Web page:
Islam in Georgia (country)

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Ancient Kartvelian people
History of Georgia
Central Mosque in Tbilisi.

Islam in Georgia was introduced in 654 when an army sent by the Third Caliph of Islam, Uthman, conquered Eastern Georgia and established Muslim rule in Tbilisi. Currently, Muslims constitute approximately 9.9%[2] of the Georgian population. According to other sources, Muslims constitute 10-11% of Georgia's population.[3]

In July 2011, Parliament of Georgia passed new law allowing religious minority groups with “historic ties to Georgia” to register. The draft of the law specifically mentions Islam and four other religious communities.[3]

Mosques in Georgia operate under the supervision of the Georgian Muslim Department, established in May 2011. Until then the affairs of Georgia's Muslims had been governed from abroad by the Baku-based Caucasus Muslims Department.[4]

In 2010, Turkey and Georgia signed an agreement by which Turkey will provide funding and expertise to rehabilitate three mosques and to rebuild a fourth one in Georgia. While Georgia will rehabilitate four Georgian monasteries in Turkey.[5] The Georgia-Turkey agreement will allow the reconstruction of the historical Azize mosque in Batumi, Ajaria demolished in the middle of the last century. Turkey will rehabilitate the mosques at Samtskhe-Javakheti and Akhaltsikhe regions, Kobuleti District, build the Azize mosque burned down in 1940 and restore the Turkish bathhouse in Batumi.


Emirate of Tbilisi

The Arabs first appeared in Georgia in 645. It was not, however, until 735, when they succeeded in establishing their firm control over a large portion of the country. In that year, Marwan II took hold of Tbilisi and much of the neighbouring lands and installed there an Arab emir, who was to be confirmed by the Caliph of Baghdad or, occasionally, by the ostikan of Armīniya.

During the Arab period, Tbilisi (al-Tefelis) grew into a center of trade between the Islamic world and northern Europe. Beyond that, it functioned as a key Arab outpost and a buffer province facing the Byzantine and Khazar dominions. Over time, Tbilisi became largely Muslim.


Between 1386 and 1404, Georgia was subjected to invasions by the armies of Turco-Mongol conqueror Timur, whose vast empire stretched, at its greatest extent, from Central Asia into Anatolia. In the first of at least seven invasions, Timur sacked Georgia's capital, Tbilisi, and captured the king Bagrat V in 1386. In late 1401, Timur invaded the Caucasus once again. The King of Georgia had to sue for peace, and sent his brother with the contributions. Timur was preparing for a major confrontation with the Ottoman dynasty and apparently wished to freeze the currently prevailing situation in Georgia, until he could return to deal with it more decisively and thoroughly at his leisure. Thus, he made peace with George on condition that the king of Georgia supply him with troops.[6]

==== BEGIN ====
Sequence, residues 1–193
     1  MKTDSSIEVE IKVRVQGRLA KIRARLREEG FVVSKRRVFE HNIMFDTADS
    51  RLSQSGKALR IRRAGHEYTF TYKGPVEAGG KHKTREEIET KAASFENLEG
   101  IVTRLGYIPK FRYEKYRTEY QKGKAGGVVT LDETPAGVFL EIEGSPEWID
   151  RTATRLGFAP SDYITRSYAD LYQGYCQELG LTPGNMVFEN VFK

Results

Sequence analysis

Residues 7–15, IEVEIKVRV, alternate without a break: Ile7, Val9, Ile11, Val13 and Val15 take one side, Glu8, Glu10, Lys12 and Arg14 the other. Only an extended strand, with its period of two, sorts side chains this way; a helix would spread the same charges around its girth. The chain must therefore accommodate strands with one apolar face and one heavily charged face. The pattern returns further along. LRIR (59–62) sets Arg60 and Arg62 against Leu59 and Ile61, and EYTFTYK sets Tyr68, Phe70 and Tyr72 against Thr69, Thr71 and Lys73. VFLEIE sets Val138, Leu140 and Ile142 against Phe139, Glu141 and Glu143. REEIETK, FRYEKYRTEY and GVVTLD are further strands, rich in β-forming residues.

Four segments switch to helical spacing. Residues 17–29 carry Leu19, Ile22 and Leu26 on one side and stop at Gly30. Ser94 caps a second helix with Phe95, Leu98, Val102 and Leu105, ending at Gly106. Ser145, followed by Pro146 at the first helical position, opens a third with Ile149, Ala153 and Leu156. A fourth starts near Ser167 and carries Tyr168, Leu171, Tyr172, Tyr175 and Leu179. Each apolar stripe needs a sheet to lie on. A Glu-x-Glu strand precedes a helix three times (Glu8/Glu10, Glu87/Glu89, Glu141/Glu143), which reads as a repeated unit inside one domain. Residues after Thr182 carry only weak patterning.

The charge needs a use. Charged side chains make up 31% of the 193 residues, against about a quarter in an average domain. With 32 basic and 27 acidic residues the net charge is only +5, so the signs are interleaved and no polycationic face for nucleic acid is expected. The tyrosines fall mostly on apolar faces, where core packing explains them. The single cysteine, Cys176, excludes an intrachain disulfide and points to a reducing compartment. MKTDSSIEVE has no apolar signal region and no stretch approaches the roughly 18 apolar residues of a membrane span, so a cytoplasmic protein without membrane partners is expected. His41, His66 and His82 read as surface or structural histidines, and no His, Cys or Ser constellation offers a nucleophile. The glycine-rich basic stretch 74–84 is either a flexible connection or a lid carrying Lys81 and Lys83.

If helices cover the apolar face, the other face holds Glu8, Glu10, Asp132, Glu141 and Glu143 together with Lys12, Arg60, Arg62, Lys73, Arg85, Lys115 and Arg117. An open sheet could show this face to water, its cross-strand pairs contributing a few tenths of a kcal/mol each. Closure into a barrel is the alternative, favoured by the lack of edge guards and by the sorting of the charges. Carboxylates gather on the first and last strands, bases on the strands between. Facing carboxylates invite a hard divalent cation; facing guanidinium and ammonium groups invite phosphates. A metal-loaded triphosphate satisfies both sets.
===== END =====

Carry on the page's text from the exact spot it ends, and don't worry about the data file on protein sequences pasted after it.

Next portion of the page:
Ottoman Empire and Iranian Period

Rostom of Kartli, a Muslim Georgian ruler of the 17th century appointed by the Iranian Safavids.

The Safavid dynasty was in constant conflict with the Ottomans over full control and influence in the Caucasus. From the early 16th to the course of the second half of the 18th century, the Safavids had to deal with several independent kingdoms and principalities, as Georgia was not a single state at the time. These entities often followed divergent political courses. Safavid interests were largely directed at Eastern (the kingdoms of Kartli and Kakheti) and Southern (the kingdoms of Samtskhe-Saatabago) Georgia while Western Georgia came under Ottoman influence. These independent kingdoms became vassals of Persia as early as in 1503.[7]

Botanical Street and Sunnite Mosque. Middle of 1880

On May 29, 1555, the Safavids and the Ottoman Empire concluded a treaty at Amasya following the Ottoman–Safavid War (1532–55) by which the Caucasus was divided between the two. Western Georgia and the western part of southern Georgia fell to The Ottomans, while Eastern Georgia (comprising the kingdoms of Kartli and Kakheti) and the (largest) eastern part of southern Georgia fell to Safavid Iran. The bulk of Georgia and the region which had historically always been the most dominant stayed therefore in the Iranian sphere. This partition of the Caucasus and therefore including Georgia under Islamic rule was again confirmed in 1639.

In 1703, Vakhtang VI became the ruler of the kingdom of Kartli. In 1716, he adopted Islam and the Safavid ruler confirmed him as King of Kartli. However, at a decisive moment Vakhtang was ordered to discontinue military campaigns, leading Vakhtang to adopt a pro-Russian orientation, though the Russian failed to tender him the promised military aid.

For several centuries, the Georgian kings and aristocrats converted to Islam and served as courtiers to the Iranian Safavid, Afsharid and Qajar dynasties, who ruled them.[8]